As cases of COVID-19 continue to pop up throughout the country, Americans are taking desperate measures to keep themselves safe. Many are already choosing to self-isolate, and a large number are heeding advice to stock up on food and households supplies in the event of a multi-week quarantine.

But that's not an easy thing to do when you live paycheck to paycheck, which nearly half of Americans do, according to GOBankingRates. And that's precisely why having an emergency fund is crucial. Without cash reserves in the bank, you'll be ill-equipped to handle unplanned expenses large and small -- or, in this case, the expense of having to front the money for several weeks' worth of groceries.

Woman pushing shopping cart full of food


Stocking up comes at a cost

This past week, I went to the supermarket for my usual grocery run, only instead of spending the $100 I usually spend, my bill was almost double. Why? Normally, I buy about a week's worth of food at a time -- a practice that works well from a cash flow perspective, but also, frankly, from a logistical one, as I only have so much fridge and pantry space. But when reports of additional COVID-19 cases in my neck of the woods started coming in, I knew I'd need to stock up for a couple of reasons:

  1. The potential for quarantine.
  2. The desire to beat the panic-shopping rush that would no doubt ensue.

I'm thankful I bought all of that extra food, because just a few days after my massive shopping run, I learned that my local supermarkets were out of pretty much every useful item imaginable, from paper goods to soap to canned food and other non-perishables. Even produce, dairy, and meat were in short supply as shoppers rushed to fill their freezers.

But many Americans aren't financially equipped to prepare accordingly. In fact, I happened to run into someone I know at the store the day I was loading up on extra food, and when she noticed my overflowing shopping cart, she stated point-blank that while she wanted to buy extra things, that option wasn't on the table due to financial constraints.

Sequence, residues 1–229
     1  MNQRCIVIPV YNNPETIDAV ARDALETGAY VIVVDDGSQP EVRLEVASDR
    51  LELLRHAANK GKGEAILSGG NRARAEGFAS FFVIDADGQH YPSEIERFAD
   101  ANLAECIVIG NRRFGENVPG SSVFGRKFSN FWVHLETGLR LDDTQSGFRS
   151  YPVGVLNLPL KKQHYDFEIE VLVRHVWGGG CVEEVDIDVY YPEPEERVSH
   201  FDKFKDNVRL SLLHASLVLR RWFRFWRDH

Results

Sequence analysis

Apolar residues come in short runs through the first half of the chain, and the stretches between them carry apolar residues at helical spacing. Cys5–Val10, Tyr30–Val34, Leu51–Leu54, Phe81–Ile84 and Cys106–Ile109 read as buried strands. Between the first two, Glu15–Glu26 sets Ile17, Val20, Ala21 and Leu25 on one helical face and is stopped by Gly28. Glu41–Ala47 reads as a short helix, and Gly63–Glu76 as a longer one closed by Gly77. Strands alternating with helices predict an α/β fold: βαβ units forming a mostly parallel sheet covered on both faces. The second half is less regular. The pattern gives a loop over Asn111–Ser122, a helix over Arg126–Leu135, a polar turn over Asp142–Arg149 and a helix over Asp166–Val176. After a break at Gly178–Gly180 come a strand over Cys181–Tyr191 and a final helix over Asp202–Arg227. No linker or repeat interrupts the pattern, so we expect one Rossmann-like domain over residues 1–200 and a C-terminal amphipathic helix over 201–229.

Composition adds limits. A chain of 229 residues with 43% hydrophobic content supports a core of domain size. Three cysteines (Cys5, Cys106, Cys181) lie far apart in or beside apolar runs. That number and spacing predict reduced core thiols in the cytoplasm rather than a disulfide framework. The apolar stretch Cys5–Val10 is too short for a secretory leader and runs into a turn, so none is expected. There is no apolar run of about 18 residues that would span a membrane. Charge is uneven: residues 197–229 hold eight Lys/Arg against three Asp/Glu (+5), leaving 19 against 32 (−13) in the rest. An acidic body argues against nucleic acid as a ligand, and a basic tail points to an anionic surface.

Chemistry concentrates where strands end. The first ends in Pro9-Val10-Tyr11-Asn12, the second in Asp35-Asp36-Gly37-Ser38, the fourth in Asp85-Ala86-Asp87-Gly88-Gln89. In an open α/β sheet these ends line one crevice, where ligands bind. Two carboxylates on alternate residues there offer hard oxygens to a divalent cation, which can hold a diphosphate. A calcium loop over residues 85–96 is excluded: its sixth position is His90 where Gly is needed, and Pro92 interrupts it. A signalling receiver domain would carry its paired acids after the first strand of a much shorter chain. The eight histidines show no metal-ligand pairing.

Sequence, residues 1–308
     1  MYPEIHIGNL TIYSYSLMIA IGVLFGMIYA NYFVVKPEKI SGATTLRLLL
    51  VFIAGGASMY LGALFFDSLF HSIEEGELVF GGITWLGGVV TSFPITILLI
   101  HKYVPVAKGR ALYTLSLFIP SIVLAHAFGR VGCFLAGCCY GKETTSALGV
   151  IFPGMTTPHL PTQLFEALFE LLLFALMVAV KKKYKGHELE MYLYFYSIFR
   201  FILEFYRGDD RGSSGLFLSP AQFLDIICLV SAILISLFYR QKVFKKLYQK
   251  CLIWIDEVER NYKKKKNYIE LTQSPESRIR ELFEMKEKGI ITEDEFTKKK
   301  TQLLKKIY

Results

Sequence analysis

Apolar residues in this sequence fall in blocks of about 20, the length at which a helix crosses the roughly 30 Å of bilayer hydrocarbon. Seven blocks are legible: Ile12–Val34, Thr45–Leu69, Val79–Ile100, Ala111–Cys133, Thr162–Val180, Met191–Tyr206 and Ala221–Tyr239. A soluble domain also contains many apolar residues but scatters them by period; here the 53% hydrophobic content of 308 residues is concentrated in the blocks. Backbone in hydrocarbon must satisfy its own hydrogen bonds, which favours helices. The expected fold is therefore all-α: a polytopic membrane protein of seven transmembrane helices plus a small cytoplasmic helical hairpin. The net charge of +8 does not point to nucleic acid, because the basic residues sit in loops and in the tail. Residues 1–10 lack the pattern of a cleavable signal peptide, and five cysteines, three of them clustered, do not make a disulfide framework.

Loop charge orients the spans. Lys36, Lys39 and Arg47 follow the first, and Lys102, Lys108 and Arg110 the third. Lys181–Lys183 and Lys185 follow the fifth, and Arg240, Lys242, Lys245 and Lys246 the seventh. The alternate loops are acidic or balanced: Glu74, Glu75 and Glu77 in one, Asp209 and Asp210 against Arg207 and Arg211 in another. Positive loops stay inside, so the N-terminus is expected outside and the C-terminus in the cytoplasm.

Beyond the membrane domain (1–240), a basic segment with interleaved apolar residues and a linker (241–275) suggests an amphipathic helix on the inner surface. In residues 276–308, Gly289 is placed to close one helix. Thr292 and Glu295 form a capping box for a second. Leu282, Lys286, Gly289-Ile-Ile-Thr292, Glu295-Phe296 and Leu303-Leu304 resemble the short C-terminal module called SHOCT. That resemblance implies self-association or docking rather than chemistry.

That was a scary thing to me. When we think about having emergency savings, we're told that cash reserves are necessary to combat large unplanned bills -- things like household repairs, car troubles, or medical expenses that come in much higher than expected. But for some people, having money in the bank could be a lifeline in situations where an extra $50 to $100 would buy them security and peace of mind in an actual crisis situation.

Build that safety net

If there's one lesson you should learn from the COVID-19 outbreak, it's the importance of being prepared for the unknown -- and that includes financial unknowns. As such, if you don't have an emergency fund at present, get through the current crisis, but once things stabilize, change your ways so you're able to break the paycheck-to-paycheck cycle and instead have cash reserves to rely on.

To do so, you'll need to stop spending your paychecks in their entirety and find ways to lower your expenses. That's not necessary an easy thing to do, especially if you live very modestly to begin with. But unfortunately, you may need to make some hard choices in the coming year or so, like downsizing your living space. You may also need to come to terms with getting a second job if your budget is currently really bared-boned and there's just not a lot to cut back on. But the key is to build some amount of cash reserves so that, at the very least, you have the flexibility to plunk down an extra $100 or so on food should the need arise. (Remember, it's not just health scares that create a stock-up scenario; major storms tend to have the same effect.)

Ideally, you should aim to build an emergency fund with enough money to cover three to six months of essential living expenses. Right now, that may seem impossible, and if that's the case, do what you can. Start by saving $5 a week if that's the most you can manage. But please, do something -- you never when you'll really need that money.